by John R. Fischer
, Senior Reporter | October 19, 2017
TransEnterix, Inc.'s Senhance Surgical Robotic System will soon be available to U.S. consumers for abdominal surgery, following its recent approval by the FDA.
The system’s clearance marks the first entrant into the market of abdominal robotic surgery since 2000, and provides physicians with greater comfort and control while reducing the invasiveness of procedures.
“The surgical robotics field has advanced over the last two decades by offering solutions that provide minimally-invasive access to difficult-to-reach anatomy, precise instrument control, and the ability to visualize in these tight spaces,” Todd Pope, president and CEO of TransEnterix, told HCB News. “However, broader application of robotics has been limited by higher per-procedure costs and the ability to convert open surgery to robotic surgery. The Senhance brings a new solution to the current limitations of robotic surgery, opening up robotic applications to high volume, multispecialty laparoscopic surgeries.”
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Laparoscopic procedures using basic tools limit the capabilities, control and comfort of surgeons during procedures. Senhance heightens these qualities by allowing physicians to direct small surgical instruments through the use of a camera with precise movements.
The system consists of technology that enables haptic feedback and eye-sensing camera control and is the first robotic surgery platform to offer these features in the fields of digital laparoscopy and robotics. It also provides an open platform strategy, enabling physicians and providers to leverage evolving technology and existing investments in the OR, and uses reusable instruments, making robotic surgery cost-effective on a per-procedure basis.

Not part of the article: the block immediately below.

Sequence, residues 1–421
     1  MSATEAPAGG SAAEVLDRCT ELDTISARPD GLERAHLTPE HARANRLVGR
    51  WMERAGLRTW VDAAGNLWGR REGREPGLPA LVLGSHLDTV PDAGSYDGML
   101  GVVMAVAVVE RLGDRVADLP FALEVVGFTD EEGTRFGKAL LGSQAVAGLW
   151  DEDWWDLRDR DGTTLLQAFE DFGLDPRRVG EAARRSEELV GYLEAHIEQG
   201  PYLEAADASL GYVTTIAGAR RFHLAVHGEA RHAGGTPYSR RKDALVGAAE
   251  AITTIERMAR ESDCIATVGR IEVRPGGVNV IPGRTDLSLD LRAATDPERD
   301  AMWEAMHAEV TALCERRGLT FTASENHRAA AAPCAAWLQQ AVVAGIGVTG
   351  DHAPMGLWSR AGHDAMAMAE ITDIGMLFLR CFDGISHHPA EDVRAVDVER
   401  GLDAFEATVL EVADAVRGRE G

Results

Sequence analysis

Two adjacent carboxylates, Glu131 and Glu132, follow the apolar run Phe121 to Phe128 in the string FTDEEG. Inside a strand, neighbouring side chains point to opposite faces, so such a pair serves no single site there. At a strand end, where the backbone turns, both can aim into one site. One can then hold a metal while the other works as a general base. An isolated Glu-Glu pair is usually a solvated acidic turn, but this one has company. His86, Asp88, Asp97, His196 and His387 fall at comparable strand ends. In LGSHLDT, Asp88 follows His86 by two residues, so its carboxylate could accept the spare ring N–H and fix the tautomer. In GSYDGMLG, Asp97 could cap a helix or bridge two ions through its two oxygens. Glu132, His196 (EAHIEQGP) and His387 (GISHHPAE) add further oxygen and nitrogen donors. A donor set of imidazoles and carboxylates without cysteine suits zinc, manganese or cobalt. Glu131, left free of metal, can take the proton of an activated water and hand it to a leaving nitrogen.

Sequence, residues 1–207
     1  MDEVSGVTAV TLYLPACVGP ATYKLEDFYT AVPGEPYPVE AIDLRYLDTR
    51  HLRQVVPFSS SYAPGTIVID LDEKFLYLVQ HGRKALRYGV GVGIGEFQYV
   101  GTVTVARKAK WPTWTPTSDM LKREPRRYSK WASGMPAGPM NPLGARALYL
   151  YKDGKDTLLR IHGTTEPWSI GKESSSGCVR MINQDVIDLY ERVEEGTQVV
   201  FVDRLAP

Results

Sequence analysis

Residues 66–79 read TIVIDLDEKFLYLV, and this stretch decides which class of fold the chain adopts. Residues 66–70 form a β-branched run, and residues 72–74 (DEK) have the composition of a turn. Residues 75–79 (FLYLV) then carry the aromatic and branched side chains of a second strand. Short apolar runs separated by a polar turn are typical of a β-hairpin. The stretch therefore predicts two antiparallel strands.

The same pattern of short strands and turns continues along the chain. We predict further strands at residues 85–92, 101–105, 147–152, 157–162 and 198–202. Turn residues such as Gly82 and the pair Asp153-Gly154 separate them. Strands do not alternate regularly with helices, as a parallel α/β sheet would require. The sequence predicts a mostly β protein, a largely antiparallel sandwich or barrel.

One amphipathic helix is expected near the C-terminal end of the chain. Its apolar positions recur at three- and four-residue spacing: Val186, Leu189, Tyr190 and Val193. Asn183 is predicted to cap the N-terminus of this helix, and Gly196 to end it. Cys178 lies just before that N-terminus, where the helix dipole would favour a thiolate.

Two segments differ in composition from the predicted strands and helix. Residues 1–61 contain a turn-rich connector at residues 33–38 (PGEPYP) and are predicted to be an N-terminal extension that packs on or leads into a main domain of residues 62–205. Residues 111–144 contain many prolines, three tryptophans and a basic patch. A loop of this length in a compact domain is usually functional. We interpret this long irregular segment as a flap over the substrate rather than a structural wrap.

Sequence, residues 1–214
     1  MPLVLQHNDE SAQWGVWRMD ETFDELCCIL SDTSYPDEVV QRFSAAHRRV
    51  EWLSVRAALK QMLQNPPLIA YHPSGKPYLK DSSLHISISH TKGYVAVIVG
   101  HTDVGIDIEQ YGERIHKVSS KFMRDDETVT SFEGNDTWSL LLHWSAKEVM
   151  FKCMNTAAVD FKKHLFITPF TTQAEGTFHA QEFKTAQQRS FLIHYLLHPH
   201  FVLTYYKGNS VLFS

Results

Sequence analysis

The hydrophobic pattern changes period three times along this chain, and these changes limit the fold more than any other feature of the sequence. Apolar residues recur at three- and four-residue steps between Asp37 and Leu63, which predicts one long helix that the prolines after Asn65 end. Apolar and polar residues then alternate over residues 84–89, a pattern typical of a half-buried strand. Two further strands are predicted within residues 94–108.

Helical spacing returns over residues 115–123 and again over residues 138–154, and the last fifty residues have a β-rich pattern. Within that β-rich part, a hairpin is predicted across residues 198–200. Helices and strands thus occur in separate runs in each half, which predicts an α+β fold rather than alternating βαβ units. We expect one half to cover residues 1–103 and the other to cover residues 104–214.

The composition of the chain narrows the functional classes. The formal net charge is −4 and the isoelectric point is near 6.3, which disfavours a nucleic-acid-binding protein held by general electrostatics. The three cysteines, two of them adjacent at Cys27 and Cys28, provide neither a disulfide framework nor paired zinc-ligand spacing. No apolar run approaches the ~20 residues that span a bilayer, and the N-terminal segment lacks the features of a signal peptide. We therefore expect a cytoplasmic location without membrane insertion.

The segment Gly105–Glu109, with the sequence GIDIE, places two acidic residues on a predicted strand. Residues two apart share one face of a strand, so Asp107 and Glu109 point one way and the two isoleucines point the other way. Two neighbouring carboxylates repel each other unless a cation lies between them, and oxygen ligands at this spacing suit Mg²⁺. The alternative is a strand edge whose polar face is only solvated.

TransEnterix revealed the brand name
for the system in September 2016 and has since launched commercial operations in Germany
and begun clinical use of it in France
Pope says Senhance will provide enhancements that can be scaled across high-volume procedures, specialties and different types of hospitals.
“Our vision is that there should be a Senhance System in every OR that is focused on high-volume minimally-invasive surgery, similar to how all hospitals have core technology, like MRs and CT scans,” he said. “Why should only some hospitals and some patients benefit from robotic technology? This is now something transferable on a broad scale that meets today’s economic constraints. Digital laparoscopy should become the new standard.”
The system is also FDA approved for laparoscopic colorectal surgery as well as gynecologic surgery. It is CE-marked.